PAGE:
Tips for Niffler Care

I’d like to begin by assuring everyone that there is no need to panic.

The public has been understandably disturbed by the recent spike in reports of missing Galleons and vicious attacks on individuals with gold teeth. Witches and wizards have flocked to Gringotts in numbers far exceeding the bank’s daily processing capabilities, desperate to deposit their valuables before they become victims of this mysterious crime wave.



After watching the situation worsen over the past few weeks, I’ve determined this crime wave requires a Magizoologist’s investigation, which is why the Department of Magical Law Enforcement has made little progress in unearthing the perpetrators of these assaults. Nifflers are long-snouted burrowing creatures with an affinity for glittery objects, and their recent rise in popularity as house pets is most likely to blame for this uptick in gold-related victimizations. Only competent wizards should handle them, and even I, a practiced Magizoologist, find myself screaming in frustration when my own Niffler wreaks havoc on my belongings.

I don’t believe that anyone except for trained Magizoologists should keep Nifflers, especially as house pets, but people can be a bit stupid about their pets. In the hopes that new Niffler owners will heed my advice, I’ve provided some tips for Niffler care for those who absolutely insist on bringing them into their homes.

1. Keep your Niffler leashed in public. If you must bring your Niffler outside the confines of your home, please keep it securely on a leash. Both the wizarding world and the Muggle world have an abundance of shining, glittery objects your Niffler won’t be able to resist. I suspect an unleashed Niffler was responsible for the recent attack on Wilbur Arkwright, who reported three rings and a golden watch missing after he was knocked backward into a chest of boar tusks outside the Apothecary on Diagon Alley.



2. Clean out your Niffler’s snout. A Niffler with a clean snout will make a mess sniffing around for shiny objects, but when a clogged snout delays a Niffler searching for its prize, the disorder can reach disastrous proportions. Last week, Ministry witch Gertrude Jollenbeck returned home after work to find her kitchen in total disarray – broken dishes, upended cabinets, food strewn about the floor, and a few pieces of her heirloom silver tea set missing. The only evidence left by the burglar was a large quantity of pale, green goo splattered across her silverware drawer.

It may be unpleasant, but Niffler bogeys aren’t nearly as thick and gooey as troll bogeys. Take the time to take care of your Niffler’s snout and you’ll avoid a disaster like Gertrude’s. When cleaning, make sure to use lukewarm water and a turkey baster; you should never attempt to Vanish the phlegm from your Niffler’s nose.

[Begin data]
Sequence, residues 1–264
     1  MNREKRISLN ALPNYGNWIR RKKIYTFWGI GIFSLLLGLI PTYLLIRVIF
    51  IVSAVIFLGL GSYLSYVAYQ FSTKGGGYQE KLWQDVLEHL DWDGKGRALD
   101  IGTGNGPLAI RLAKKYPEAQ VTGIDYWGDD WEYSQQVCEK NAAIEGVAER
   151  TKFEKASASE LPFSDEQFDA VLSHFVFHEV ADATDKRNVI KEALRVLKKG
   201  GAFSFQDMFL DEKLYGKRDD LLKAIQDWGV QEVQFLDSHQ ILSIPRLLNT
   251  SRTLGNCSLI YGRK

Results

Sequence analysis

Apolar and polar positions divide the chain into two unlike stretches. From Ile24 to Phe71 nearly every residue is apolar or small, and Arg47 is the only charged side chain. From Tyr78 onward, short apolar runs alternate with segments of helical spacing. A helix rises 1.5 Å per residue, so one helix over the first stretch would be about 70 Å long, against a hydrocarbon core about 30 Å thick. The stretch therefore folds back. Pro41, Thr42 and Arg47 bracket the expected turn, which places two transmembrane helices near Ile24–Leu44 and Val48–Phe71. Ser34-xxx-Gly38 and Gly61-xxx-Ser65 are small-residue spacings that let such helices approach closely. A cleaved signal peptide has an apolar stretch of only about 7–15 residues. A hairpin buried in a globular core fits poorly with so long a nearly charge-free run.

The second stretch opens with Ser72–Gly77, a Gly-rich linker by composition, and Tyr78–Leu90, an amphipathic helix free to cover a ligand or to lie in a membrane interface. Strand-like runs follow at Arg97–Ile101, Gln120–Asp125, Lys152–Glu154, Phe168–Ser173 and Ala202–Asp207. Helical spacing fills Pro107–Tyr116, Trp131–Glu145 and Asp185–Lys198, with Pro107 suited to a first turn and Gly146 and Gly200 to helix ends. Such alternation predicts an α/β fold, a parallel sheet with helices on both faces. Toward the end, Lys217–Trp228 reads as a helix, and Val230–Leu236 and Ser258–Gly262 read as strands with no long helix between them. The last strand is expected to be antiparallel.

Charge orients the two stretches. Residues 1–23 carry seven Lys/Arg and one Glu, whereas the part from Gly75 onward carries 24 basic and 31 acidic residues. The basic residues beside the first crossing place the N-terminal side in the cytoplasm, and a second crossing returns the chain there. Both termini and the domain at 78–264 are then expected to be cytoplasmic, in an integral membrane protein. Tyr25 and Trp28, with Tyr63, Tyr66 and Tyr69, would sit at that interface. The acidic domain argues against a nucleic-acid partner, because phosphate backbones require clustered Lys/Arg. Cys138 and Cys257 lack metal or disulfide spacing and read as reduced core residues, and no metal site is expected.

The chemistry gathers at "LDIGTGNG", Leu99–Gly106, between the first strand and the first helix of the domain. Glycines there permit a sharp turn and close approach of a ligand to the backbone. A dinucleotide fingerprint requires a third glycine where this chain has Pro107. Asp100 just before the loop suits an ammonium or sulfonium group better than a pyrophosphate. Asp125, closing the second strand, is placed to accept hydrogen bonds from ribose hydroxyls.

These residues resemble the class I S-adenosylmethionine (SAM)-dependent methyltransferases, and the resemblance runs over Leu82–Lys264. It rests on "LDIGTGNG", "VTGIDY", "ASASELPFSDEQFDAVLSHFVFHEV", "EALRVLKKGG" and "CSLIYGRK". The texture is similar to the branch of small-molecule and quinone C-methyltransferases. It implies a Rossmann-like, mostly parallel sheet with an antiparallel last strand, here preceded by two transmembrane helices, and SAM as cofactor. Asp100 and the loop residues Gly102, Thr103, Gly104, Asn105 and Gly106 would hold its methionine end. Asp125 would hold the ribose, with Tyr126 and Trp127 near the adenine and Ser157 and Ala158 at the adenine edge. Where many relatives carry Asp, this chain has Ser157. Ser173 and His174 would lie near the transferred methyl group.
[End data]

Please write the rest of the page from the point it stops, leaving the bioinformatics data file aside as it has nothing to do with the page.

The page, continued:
3. Designate a Niffler-safe zone in your garden. Nifflers burrow deep into the earth, and if you let them into your garden, they’ll upend your flowers and vegetables in search of buried treasure. To satisfy their urge for digging, bury some shiny objects in a patch of your garden and let your Niffler go wild! Be aware of where your Niffler hoards its shiny objects; otherwise, you might find yourself waist deep in a pile of golden trinkets.



4. Give your Niffler plenty of love and affection. Nifflers are loving creatures, and very often I find that the amateur owner adopts a Niffler with the same intentions as some Muggles who purchase metal detectors. A Niffler utilized as a living, breathing method of acquiring wealth will intensify its search for gold when it doesn’t receive the love and care that any creature desires. Treat your Niffler with the care it deserves and you’ll be rewarded with a happy house pet who creates manageable messes instead of monstrous ones.



I hope these tips have been helpful. For more tips on taking care of your beasts and stories about my travels abroad, check out the SpeakBeasty podcast! If you find that your Niffler is still misbehaving after incorporating some of this advice into your daily life, you can always contact an official from the Department for the Regulation and Control of Magical Creatures.

-Newton Artemis Fido Scamander
Order of Merlin, Second Class

Madison Ford

I’m a native Texan currently living in the Pacific Northwest with my husband and our feisty dog Ellie. I’m a poet, a reader, and I host and produce MuggleNet’s mental health Harry Potter podcast, Beyond the Veil. I love rock climbing, hiking, and searching for seashells on Oregon beaches.